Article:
Syllabus,

While I'd be the last person to call them saints, it seems to me that it wouldn't be an inexcusable stretching of truth to call them martyrs.

Personally, I think 'martyr' only goes to people who very reasonably expect they'll be dying, and choose death or the likely result of it. I suspect that does not apply in this case, in any way. People would have a better case arguing that the gunmen were martyrs.

Oh, and in case it's not obvious - I'm honoring the Hebdo killers with these comments. They held mockery, blasphemy, offense and disrespect up as essential to discourse, so it would be an insult to treat their demise as anything but a joke opportunity.

Syllabus said...

Personally, I think 'martyr' only goes to people who very reasonably expect they'll be dying, and choose death or the likely result of it.

Well, while death wasn't the only possible outcome, it certainly was a credible possibility, given the crap that happened to Salman Rushdie and that Van Gogh guy (can never remember his full name) who got stabbed. Hell, their own offices got bombed in 2011. So I think they knew it was a possible outcome.

Now, I think it's perfectly reasonable that it takes a little more to call them "martyrs". I'm not advocating that they should unqualifiedly be so described, only that they were facing real danger and knew they were.

Oh, and in case it's not obvious - I'm honoring the Hebdo killers with these comments. They held mockery, blasphemy, offense and disrespect up as essential to discourse, so it would be an insult to treat their demise as anything but a joke opportunity.

Me, I don't find your comments to be particularly offensive - but, then, I'm not the easiest guy to offend or piss off.

Though I did had someone on Facebook describe the situation to me as one of two possibilities: 1, the gunmen were, to use almost their exact words, "well-intentioned, just trying to stop blasphemy", or 2, this was a false flag by Al-Qaeda that wasn't really about punishing blasphemy but about stirring up Islamophobic violence which would let them recruit more people. That did the trick.

Crude said...

Well, while death wasn't the only possible outcome, it certainly was a credible possibility, given the crap that happened to Salman Rushdie and that Van Gogh guy (can never remember his full name) who got stabbed.

I really am skeptical. Salman, if I recall, was right in the midst of Islam when he made his move, which is a whole different story (and he's still a jackass.) Van Gogh is another matter, but also more of an anomaly. I think it was a credible possibility in a very broad sense, but not exactly the stuff of imminent threat. I'd wager they felt safe in France.

And I understand what you're arguing. By all means, disagree with me - I'm not exactly staking out the most popular position right now.

Though I did had someone on Facebook describe the situation to me as one of two possibilities: 1, the gunmen were, to use almost their exact words, "well-intentioned, just trying to stop blasphemy", or 2, this was a false flag by Al-Qaeda that wasn't really about punishing blasphemy but about stirring up Islamophobic violence which would let them recruit more people. That did the trick.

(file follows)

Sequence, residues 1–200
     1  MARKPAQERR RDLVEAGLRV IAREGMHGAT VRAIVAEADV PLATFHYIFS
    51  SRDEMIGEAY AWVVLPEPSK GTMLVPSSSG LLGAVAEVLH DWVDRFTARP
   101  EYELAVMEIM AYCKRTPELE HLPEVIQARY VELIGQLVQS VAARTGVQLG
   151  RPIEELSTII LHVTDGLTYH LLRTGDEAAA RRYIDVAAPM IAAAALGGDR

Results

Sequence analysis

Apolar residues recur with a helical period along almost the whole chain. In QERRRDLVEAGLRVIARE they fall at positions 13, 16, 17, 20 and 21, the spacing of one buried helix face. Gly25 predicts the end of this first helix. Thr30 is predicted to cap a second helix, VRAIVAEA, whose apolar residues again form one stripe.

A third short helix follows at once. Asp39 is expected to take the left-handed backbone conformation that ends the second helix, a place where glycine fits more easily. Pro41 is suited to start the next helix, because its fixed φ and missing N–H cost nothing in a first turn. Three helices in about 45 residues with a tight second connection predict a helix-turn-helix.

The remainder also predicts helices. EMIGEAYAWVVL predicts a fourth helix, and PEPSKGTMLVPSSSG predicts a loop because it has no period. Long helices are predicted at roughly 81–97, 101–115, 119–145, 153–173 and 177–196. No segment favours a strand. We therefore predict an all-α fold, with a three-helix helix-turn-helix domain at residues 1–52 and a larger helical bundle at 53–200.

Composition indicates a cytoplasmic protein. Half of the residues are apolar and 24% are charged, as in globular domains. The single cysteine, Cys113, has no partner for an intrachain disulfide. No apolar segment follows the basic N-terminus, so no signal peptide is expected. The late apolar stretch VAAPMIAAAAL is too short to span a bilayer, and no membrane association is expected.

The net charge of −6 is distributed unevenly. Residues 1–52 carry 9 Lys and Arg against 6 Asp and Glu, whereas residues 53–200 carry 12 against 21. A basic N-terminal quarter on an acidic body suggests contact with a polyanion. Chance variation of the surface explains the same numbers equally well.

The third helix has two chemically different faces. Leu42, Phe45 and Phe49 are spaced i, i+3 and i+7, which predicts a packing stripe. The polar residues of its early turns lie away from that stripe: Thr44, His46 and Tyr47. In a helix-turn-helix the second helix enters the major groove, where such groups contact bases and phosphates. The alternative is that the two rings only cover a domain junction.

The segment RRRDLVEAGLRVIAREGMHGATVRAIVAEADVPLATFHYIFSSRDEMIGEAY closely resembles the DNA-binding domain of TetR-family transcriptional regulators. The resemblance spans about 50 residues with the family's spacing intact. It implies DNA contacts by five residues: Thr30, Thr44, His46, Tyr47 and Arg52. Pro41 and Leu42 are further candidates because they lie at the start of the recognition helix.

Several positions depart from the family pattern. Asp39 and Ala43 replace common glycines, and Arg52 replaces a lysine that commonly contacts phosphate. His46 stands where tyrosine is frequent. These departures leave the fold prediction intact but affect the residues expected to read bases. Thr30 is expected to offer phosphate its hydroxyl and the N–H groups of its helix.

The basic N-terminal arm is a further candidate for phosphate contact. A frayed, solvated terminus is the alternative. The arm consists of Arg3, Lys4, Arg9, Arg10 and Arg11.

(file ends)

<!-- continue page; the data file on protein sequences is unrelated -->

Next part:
Well-intentioned, haha. And I saw another 'false flag' claim pop up too. They never end, do they. Just wait'll one turns out to be obviously correct.

Codgitator (Cadgertator) said...

I take the punch-in-the-face bit as Francis's version of BXIV's Regensburg Address. In his own inchoate and smarmy way, he was saying, like BXIV argued, that Islam lacks a fundamental "logical" check on will, and, thus, on the violence endemic to its aims. You shouldn't mock anyone, he says, but you should especially not piss off those Muslims.

If that is all he were saying, though, it would be fine. The deeper implication, however, is that every expression of religiosity is on an equal footing, and to be equally spared public criticism. The Church has been confused and cowardly about its own teaching on religious liberty since at least Vatican II, and the pope's off-the-cuff defense of "religion" is just another crystallization of that fact.

Point being, I would take his remarks about religious backlash more seriously if he coupled it to the teaching that the State has a duty to suppress error and support truth, i.e., a duty to cooperate with the Church as the teacher of wisdom. But, like a typical post-Conciliar prelate, he denies all such rights for the Church. Oh well. Time keeps on ticking.

BenYachov said...

What the Pope said is simplicity itself. It is easy to understand unless you are a member of the clueless media right or left.

Lawless Violence is never justified but it is natural to want to respond to deep intimate personal insults with physical aggression(i.e. expect a punch in the nose). Those who choose to insult others in this manner ought to be aware of it.
Additionally the Pope is telling us there are moral limits to free speech. So merely mocking Muhammed for the sake of mocking him is wrong even thought Muhammed is a false prophet to us Christians.

If I might add. Then there is all this mishigoss about "Blaming the victim".

Well "blaming the victim" is more akin to saying "Ok this man is clearly guilty of forcing this woman to have sex with him against her will" but because she is a drunken slut who acts out with other men we aren't going to throw the book at him.

No, you throw the book at him regardless if she is a slut or virgin. BUT....that doesn't mean it's out of bounds to suggest to the woman that it is a very bad idea to get drunk and trust your safety to a bunch of misogynist drunken jerks.

In a like manner we must hunt down and destroy the Jihadists. We must recognize they are an existential threat to western Christian civilization & we can also say Hebdo might be alive today if he followed the moral law.

It's not either/or it is both/and.